Kiama – Our last East Coast location

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May 22nd 2019
Published: May 24th 2019
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The Big BlowholeThe Big BlowholeThe Big Blowhole

Not so big today
It was not hard to tell that we were getting closer to Sydney the more north we travelled. Leaving Bateman’s Bay we crossed the river and immediately came upon kilometre after kilometre of major road works. Massive earth works in preparation for dual carriage ways in both directions, plus preparation for the construction of bridges all pointed to a major upgrade of the Princess Highway. From the end of the roadworks we had dual carriage all the way to Kiama. Easy driving.

We stopped for coffee and a visit to an ATM in Uladulla. To live here you obviously have to be very fit. The main shopping street is near a kilometre long and very steep from one end to the other. By the time we had walked it we felt we had earned our coffee and sticky chocolate muffin.

While having coffee Greg saw two guys coming into the bay in a tinny. They crashed into the jetty sending one guy flying. Surprisingly he didn’t go overboard.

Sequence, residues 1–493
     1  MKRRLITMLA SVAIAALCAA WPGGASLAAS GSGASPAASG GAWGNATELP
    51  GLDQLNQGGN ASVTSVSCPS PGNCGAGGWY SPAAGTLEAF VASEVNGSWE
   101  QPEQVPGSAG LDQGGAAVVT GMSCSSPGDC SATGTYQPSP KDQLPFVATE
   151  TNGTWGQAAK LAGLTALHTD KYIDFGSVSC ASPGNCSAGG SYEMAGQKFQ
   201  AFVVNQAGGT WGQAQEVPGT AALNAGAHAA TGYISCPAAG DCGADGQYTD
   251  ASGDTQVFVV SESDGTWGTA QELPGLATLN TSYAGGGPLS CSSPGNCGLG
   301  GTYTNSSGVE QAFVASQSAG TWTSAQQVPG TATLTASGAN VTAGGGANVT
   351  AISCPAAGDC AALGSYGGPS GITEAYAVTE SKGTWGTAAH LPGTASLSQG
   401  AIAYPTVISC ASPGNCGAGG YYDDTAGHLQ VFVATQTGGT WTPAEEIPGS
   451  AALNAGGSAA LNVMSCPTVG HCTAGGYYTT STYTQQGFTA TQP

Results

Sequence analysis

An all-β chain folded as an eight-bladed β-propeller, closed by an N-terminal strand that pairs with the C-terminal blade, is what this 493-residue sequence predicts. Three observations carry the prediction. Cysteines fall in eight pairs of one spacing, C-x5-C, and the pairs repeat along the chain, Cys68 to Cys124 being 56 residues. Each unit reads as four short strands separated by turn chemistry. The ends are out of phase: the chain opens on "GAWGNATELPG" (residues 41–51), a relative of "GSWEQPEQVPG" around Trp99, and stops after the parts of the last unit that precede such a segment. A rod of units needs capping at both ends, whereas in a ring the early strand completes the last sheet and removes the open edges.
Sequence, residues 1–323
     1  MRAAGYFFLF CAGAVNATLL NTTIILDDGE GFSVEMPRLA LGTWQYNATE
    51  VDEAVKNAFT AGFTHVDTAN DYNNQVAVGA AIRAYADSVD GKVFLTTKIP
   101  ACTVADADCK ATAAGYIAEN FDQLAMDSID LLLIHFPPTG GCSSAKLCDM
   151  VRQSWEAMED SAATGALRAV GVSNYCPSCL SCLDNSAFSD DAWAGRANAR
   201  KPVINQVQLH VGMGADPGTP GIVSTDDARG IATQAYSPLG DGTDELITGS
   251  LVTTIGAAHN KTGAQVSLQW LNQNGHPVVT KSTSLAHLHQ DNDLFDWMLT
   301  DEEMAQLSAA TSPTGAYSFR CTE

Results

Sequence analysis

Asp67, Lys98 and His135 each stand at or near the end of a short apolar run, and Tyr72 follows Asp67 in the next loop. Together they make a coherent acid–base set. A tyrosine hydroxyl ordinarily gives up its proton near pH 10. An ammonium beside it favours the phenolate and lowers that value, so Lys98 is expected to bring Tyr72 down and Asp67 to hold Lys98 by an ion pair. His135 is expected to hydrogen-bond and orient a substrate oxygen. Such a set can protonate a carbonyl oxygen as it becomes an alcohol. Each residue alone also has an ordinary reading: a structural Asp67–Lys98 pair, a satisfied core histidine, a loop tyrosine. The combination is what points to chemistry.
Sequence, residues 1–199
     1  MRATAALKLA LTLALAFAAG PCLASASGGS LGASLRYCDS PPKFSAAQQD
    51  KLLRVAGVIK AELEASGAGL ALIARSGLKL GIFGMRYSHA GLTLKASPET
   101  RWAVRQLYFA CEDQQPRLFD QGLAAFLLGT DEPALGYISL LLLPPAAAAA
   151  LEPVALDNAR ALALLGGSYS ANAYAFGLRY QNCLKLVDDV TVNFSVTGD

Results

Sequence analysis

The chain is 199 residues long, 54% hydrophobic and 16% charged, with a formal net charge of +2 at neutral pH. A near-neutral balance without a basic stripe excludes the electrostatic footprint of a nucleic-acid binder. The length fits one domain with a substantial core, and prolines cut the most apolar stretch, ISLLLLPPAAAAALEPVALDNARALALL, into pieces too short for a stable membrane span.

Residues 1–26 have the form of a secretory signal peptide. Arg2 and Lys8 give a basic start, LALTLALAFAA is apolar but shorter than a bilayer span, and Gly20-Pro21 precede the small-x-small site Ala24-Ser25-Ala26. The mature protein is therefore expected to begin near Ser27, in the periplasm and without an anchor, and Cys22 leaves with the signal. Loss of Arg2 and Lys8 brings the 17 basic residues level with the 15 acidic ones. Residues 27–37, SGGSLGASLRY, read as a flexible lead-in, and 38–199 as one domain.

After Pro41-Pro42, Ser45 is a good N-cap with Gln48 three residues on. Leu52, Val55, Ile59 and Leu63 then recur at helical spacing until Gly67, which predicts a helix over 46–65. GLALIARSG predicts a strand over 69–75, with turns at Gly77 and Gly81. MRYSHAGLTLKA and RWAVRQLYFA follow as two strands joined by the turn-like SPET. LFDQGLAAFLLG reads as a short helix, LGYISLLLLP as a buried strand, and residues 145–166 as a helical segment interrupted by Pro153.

Another beautiful seaside town we could have explored a little longer.

Onto Kiama, famous for the Australia’s biggest blowhole. Actually, it has two blowholes The Big Blowhole and across the bay The Little Blowhole. Water surge and pressure through a fissure in the rocks causes water to blast up through a hole. The size of the blast depends on the direction and size of the sea swirl at the time. The sea was reasonably calm while we were there so the blast relatively tame.

We just happened to arrive on a Wednesday, which is Farmers Market day. It starts with the ringing of a bell and runs for exactly 3 hours. It was a typical Farmers Market selling locally grown fruit and veg, local products such as cheese, honey, eggs, milk, and of course gin. There was live music, games for kids and street food for the hungry. We bought some sheep milk cheese and kangaroo salami.

Greg spotted some eels in the creek in the caravan park and got excited about going fishing. First a google search, lots of laughing and then it was dinner time so no eel fishing. The fishing stories on line were enough to put you off … besides you were not allowed to fish from the bridge in the caravan park, which was about the only convenient spot. Slime! Bites! Broken fishing gear! Exhaustion! There has to be much better forms of entertainment.

This was to be our last night of the trip with the sound of gently crashing waves lulling us to sleep. This night we had the added bonus of lightning and thunder off in the distance. Zzzzz!

Additional photos below
Photos: 15, Displayed: 15


Over-looking Easts BayOver-looking Easts Bay
Over-looking Easts Bay

Nearly all those buildings are caravan park.
The fissure for The Little Blowhole.The fissure for The Little Blowhole.
The fissure for The Little Blowhole.

Note the 2 people in the water just behind it

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